Dathalinn O'Dea, Boston College
Dathalinn O'Dea is a first-year doctoral candidate at Boston College. She holds a B.A. in English from Hamilton College (Clinton, NY), and spent three years teaching high-school English and Chemistry in Rhode Island before entering the BC graduate program. Her academic interests include 19th- and 20th-century Irish literature, postcolonial studies, politics and criticism, and Modernism.
All Our Human Boundaries Overrun: (Dis)Embodiment & the Construction of Subjectivity in Housekeeping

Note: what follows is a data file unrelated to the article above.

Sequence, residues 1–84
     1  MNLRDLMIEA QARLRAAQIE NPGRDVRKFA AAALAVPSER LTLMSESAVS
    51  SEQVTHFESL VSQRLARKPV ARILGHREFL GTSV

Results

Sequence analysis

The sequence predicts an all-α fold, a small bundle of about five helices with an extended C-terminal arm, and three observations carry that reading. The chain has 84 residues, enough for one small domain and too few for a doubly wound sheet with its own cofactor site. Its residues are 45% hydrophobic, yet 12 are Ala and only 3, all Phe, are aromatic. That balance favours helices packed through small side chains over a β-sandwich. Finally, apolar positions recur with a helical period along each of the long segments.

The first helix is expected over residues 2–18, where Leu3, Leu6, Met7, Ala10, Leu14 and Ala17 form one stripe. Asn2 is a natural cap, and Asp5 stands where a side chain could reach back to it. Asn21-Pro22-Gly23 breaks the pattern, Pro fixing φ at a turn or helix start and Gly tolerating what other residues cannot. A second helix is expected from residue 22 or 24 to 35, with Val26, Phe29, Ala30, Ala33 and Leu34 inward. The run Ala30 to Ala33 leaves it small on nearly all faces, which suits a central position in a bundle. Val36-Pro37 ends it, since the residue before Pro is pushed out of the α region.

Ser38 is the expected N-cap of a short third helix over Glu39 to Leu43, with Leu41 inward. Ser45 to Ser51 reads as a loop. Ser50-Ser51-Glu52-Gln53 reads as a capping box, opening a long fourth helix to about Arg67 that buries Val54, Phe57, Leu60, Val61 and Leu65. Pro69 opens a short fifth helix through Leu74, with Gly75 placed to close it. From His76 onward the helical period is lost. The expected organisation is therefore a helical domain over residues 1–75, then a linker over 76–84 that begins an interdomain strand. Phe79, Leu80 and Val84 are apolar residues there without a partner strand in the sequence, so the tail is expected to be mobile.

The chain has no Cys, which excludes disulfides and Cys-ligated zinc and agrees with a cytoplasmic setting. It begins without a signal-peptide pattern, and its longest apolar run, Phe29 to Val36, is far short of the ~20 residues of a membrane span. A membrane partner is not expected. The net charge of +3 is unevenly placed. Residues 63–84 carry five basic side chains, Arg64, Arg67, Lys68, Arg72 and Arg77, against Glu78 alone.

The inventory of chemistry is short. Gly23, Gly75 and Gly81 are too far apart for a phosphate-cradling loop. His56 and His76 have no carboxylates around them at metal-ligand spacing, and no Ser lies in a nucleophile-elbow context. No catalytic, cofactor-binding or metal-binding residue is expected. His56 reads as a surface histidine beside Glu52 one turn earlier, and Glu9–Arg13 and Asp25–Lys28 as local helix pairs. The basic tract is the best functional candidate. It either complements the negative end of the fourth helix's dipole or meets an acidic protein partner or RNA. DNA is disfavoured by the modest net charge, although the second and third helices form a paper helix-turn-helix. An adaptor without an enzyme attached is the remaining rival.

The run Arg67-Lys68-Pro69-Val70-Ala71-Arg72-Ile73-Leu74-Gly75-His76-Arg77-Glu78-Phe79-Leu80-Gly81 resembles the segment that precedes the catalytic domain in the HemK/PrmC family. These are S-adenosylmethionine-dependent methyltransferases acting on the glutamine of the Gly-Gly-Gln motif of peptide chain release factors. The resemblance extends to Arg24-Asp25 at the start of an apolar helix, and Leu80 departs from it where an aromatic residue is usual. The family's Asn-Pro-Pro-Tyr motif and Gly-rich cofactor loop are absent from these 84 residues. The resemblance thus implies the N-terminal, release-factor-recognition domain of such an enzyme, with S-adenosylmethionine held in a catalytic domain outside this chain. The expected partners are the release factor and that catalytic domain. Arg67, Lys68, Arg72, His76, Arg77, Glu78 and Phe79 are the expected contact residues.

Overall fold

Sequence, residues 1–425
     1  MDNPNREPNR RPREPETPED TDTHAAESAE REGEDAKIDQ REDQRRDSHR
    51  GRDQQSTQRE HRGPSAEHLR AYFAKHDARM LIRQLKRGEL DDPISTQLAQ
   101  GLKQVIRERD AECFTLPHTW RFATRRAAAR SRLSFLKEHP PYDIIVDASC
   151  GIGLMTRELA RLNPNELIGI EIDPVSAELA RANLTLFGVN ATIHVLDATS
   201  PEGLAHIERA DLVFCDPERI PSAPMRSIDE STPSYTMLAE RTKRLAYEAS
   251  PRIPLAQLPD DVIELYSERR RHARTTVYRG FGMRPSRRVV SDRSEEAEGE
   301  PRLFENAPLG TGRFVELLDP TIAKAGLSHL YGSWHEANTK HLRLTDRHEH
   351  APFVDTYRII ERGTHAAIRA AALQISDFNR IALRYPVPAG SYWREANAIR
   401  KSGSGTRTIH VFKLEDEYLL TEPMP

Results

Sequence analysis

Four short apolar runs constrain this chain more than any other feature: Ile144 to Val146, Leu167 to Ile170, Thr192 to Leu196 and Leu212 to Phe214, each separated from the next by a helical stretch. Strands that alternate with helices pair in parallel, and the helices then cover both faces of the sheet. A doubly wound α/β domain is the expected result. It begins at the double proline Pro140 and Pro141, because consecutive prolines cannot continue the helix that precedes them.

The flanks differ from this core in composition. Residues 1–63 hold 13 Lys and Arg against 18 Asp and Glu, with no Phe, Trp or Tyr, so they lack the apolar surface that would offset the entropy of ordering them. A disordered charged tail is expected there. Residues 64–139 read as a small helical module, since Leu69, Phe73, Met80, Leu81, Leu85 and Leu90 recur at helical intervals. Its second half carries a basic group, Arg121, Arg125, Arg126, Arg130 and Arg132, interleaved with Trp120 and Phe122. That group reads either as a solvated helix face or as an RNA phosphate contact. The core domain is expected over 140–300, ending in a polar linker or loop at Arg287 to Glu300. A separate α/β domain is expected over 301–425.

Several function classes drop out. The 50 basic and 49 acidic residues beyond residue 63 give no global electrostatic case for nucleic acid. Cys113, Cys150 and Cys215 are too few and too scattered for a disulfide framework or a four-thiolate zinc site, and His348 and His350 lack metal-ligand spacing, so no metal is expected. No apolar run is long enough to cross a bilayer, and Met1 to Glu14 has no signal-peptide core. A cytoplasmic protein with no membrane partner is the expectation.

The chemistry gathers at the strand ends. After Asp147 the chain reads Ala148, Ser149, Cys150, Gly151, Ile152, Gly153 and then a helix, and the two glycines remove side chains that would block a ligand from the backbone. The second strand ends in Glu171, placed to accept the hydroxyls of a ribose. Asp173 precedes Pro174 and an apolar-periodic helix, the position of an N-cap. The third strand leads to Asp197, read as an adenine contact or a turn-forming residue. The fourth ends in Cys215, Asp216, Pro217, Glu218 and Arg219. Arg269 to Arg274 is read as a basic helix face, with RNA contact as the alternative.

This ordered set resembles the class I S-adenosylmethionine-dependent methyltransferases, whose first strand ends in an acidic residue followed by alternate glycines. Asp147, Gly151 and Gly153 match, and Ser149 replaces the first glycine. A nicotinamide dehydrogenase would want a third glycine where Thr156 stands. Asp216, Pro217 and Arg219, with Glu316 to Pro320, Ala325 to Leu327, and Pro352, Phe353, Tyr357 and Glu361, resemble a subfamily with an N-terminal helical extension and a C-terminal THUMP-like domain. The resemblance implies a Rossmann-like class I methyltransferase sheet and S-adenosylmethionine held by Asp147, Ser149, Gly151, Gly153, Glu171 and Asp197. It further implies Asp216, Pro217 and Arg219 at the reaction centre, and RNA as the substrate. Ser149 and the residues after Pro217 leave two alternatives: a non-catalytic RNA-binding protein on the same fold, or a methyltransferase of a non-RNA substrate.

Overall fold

Redirecting an object-oriented critical inquiry to address the other half of the subject-object divide, I consider the ways in which the material dynamics of space are combined with a psychoanalytic construction of subjectivity in Marilynne Robinson's novel, implying a relationship between physical locatedness and identity that is mutually dependent. Robinson negotiates between questions of embodiment, space, and subjectivity in Housekeeping and offers a redefinition of the relationship between the house - the central object of the novel - and the body. The narrator's subjectivity derives, in part, from the space she occupies, just as the space of home transcends its objectivity as a geometrical structure when inhabited. This transfer of being, the dynamic exchange between house and narrator that Robinson's novel addresses, recasts the psychological process of identity formation in materialist or spatial terms and collapses the distinction between the self as psychic entity and the self as constructed by the physical world. Placing my argument in relation to existing criticism that has read the novel within and against the patriarchal American literary tradition, I seek to complicate the definition of subjectivity in the text by reading the narrator's movement out of the house and a corresponding discursive movement outside of her body against critical inquiry addressing grief in the novel and a consideration of the relationship between subjectivity and space. My paper seeks to interrogate the construction of subjectivity in Housekeeping by acknowledging the ways in which the house, as both object and inscribed space, is implicated in the narrator's understanding of the self and the body.